Okay, so admittedly, I’m late with this post, since the database I’m going to talk about came online a few months ago, but with the other projects I’ve got going on, I hadn’t gotten around to this post yet. Better
If you’ve spent any time in the Latvian church records on Raduraksti, you’ll have probably noticed that in most cases, the earliest records of births, marriages and deaths you’ll find is 1834 or 1835 (for ethnic Latvians, records for Germans
All genealogists know that “killing off” – that is, establishing precise death dates and places – your ancestors is important. It helps prevent them from being confused with other people, explains why they weren’t at later events/places, and so on.
I looked into Raduraksti this morning, and what did I see…. a new document section for house registers! These are the “house books” that I have mentioned a number of times before. They provide information about everyone living in a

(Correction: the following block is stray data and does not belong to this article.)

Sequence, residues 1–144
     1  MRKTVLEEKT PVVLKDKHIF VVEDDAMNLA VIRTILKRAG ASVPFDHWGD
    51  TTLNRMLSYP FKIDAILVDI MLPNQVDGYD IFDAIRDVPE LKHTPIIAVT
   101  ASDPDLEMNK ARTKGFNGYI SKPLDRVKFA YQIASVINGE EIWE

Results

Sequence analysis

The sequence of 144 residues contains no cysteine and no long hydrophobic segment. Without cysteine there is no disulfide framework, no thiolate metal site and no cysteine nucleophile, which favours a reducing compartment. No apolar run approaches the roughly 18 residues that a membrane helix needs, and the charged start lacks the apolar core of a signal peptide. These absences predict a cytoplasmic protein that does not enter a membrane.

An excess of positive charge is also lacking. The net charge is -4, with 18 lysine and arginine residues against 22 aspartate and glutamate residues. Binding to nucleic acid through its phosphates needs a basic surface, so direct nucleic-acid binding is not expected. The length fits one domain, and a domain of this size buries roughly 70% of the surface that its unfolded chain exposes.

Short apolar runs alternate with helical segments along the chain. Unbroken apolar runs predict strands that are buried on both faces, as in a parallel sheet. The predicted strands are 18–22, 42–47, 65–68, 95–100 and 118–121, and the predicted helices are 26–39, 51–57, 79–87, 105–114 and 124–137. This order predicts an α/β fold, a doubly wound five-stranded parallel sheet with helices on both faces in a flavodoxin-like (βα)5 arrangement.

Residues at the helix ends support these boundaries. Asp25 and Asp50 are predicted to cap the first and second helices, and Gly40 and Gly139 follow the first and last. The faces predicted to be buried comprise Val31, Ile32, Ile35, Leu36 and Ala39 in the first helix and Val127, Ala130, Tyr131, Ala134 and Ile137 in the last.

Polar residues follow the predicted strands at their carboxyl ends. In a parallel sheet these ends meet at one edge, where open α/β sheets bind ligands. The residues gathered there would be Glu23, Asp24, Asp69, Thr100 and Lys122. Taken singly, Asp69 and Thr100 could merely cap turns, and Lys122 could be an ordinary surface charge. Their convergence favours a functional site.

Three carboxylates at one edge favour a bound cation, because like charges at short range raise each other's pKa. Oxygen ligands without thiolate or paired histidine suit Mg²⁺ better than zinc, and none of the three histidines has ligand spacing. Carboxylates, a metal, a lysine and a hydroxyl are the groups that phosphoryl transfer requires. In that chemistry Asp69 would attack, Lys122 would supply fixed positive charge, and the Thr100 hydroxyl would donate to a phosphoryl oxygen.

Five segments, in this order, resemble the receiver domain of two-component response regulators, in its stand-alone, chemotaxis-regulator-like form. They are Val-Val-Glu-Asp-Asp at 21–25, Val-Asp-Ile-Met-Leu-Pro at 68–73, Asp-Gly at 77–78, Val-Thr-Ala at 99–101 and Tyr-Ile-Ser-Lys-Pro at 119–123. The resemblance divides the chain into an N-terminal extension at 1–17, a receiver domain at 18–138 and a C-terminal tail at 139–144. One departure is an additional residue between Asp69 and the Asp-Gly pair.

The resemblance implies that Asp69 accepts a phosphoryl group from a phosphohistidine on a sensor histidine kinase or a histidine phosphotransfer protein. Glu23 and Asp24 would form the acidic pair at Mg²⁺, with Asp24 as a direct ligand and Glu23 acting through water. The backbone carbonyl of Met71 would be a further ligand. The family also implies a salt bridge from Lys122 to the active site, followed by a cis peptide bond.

But wait, what about Q? Well, the Latvian alphabet doesn’t have a Q, so R is the next letter of the Family History Through the Alphabet challenge! This is only the first letter I’m skipping, and being as I’ve done
Part 2 – Genealogical Sources After reading Part 1 of this primer, and the historical context of Latvian emigration, now it is time to move to genealogical sources – the resources that you can use to trace your Latvian ancestry.
I was looking around on Raduraksti, and I saw that they have posted what appears to be the full collection of the revision lists for rural Kurland (modern-day Kurzeme and Zemgale). They can be accessed by going “Saturs” -> “Dvēseļu
In my last post, a reader requested that I talk about records after 1905. So here we go! There are lots of different types of records available for the post-1905 period – however, as of right now, none of them
I’ll admit, this post is long overdue. It should have been one of the first posts on this blog. But it is here now! For the purposes of this post, I am assuming several things. The main assumption is that
I make many references to LVVA’s Raduraksti. It is the best resource for people researching their Latvian family history if they’re not able to go to the LVVA itself. The collection of documents available there is growing – recently they